I found the book enlightening in its total items covered by the author. I lived in Cyprus working for the British Government from 1971 to 1975. I doubt Cyprus will ever be reunified in any way more than it is now. The main problem being the mainland Turks that came across and have now been there 30 years plus the Turkish military forces. Cyprus was possibly the last island in the Mediterranean upto the invasion that had not been ruined by the tourist other than the Lebonese that started to settle after their war. After the Cyprus war the southern towns just grew and grew and are simply no different to any holiday island now. Cyprus lost its innocence. The one good thing is there is now the movement between north and south. I think there is a lot that has not been written about in this book for whatever reasons. Cyprus without doubt is an important island for intelligence due to its position. The book by Brendan O'Malley & Ian Craig, "The Cyprus Conspiracy" gives more of an insight as to possibly why there was not too many objections from the USA to the war. As for the United Nations Peacekeeping, it really is a totally toothless and ineffective organisation on Cyprus. "A Sense of Some Heat" by Francis Henn highlights their effectiveness through the war. I know the years I was there and socilalised with both British and Australian UN it was nothing more than a holiday for them. "The Cyprus Problem" is an apt title for a book and whether James Ker-Lindsay will ever write a sequel, "The Cyprus Problem Resolved" we will have to wait I think a long, long time. For those interested in Cyprus this book is well worth purchasing.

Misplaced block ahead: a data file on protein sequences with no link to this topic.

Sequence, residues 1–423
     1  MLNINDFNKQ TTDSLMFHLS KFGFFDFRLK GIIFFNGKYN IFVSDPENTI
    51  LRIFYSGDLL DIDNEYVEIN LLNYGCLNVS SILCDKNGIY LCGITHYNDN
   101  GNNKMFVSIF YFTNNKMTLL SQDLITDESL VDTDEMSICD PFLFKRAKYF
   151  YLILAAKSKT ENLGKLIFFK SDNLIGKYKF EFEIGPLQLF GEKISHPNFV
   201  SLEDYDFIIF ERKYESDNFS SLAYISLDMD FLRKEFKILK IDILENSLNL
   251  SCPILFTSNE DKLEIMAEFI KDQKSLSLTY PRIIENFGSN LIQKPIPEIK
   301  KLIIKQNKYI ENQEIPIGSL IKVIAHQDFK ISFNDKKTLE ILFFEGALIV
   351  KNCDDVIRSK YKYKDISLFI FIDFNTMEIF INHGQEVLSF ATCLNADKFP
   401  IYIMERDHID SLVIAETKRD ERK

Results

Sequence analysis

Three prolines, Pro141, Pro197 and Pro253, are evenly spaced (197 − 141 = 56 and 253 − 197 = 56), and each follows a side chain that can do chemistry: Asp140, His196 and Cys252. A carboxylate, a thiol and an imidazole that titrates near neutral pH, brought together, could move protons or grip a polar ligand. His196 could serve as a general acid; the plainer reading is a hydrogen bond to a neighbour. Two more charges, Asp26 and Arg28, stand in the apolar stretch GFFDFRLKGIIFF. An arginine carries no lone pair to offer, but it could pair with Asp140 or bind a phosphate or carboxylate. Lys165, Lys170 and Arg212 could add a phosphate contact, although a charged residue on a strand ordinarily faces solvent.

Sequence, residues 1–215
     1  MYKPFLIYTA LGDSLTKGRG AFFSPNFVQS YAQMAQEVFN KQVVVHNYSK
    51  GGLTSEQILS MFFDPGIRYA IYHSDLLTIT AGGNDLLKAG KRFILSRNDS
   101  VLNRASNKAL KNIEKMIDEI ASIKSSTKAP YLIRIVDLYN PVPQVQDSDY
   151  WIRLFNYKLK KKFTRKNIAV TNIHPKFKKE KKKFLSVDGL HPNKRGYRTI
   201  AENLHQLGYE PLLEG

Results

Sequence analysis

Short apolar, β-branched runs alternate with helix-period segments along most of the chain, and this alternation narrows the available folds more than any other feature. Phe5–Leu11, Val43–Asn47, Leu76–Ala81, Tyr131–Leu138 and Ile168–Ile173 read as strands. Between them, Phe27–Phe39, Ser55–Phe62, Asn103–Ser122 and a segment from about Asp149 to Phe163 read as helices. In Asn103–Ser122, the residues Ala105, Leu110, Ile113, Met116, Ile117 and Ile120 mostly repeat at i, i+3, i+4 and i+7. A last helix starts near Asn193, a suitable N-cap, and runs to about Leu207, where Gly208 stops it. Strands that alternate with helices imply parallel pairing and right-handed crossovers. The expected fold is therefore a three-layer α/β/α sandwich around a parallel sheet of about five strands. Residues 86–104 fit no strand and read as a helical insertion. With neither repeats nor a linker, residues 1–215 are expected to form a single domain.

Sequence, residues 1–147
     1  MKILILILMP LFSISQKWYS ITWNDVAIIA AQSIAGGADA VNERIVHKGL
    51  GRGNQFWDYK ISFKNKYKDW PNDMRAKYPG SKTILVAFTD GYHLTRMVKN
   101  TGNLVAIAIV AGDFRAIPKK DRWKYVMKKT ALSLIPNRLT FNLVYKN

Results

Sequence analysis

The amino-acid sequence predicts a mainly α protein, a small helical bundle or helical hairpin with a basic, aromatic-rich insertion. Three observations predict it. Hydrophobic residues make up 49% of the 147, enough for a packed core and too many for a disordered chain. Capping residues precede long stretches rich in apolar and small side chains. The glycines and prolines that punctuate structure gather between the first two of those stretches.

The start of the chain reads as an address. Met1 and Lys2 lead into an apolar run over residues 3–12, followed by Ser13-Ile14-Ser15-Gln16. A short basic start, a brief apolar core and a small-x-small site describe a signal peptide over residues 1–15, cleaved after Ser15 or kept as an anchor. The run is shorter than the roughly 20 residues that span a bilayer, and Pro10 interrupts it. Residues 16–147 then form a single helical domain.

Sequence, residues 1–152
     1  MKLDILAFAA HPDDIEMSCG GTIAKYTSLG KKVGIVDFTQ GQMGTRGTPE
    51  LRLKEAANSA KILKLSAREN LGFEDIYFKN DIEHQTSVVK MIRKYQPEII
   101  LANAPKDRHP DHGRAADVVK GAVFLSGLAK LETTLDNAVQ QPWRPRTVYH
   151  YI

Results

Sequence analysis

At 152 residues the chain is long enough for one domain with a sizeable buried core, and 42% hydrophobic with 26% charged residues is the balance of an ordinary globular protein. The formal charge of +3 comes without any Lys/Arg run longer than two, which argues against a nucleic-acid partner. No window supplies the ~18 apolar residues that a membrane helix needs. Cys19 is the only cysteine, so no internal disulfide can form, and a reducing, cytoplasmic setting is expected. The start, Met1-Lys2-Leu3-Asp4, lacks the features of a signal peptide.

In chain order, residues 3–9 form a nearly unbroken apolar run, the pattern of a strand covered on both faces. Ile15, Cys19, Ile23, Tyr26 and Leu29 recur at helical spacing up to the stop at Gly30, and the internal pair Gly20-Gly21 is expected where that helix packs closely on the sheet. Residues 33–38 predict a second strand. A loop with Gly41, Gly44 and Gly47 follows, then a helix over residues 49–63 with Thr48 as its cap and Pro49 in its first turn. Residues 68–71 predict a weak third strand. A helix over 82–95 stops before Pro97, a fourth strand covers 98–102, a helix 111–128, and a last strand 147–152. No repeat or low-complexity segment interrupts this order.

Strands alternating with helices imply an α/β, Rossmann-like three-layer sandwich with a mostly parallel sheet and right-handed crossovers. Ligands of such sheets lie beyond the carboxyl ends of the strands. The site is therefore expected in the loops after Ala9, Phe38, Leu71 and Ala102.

Was this review helpful to you?
3 of 5 people found the following review helpful
2.0 out of 5 stars Disapointing 19 July 2013
By James
I expected more and learned little from what frankly was a disappointing publication.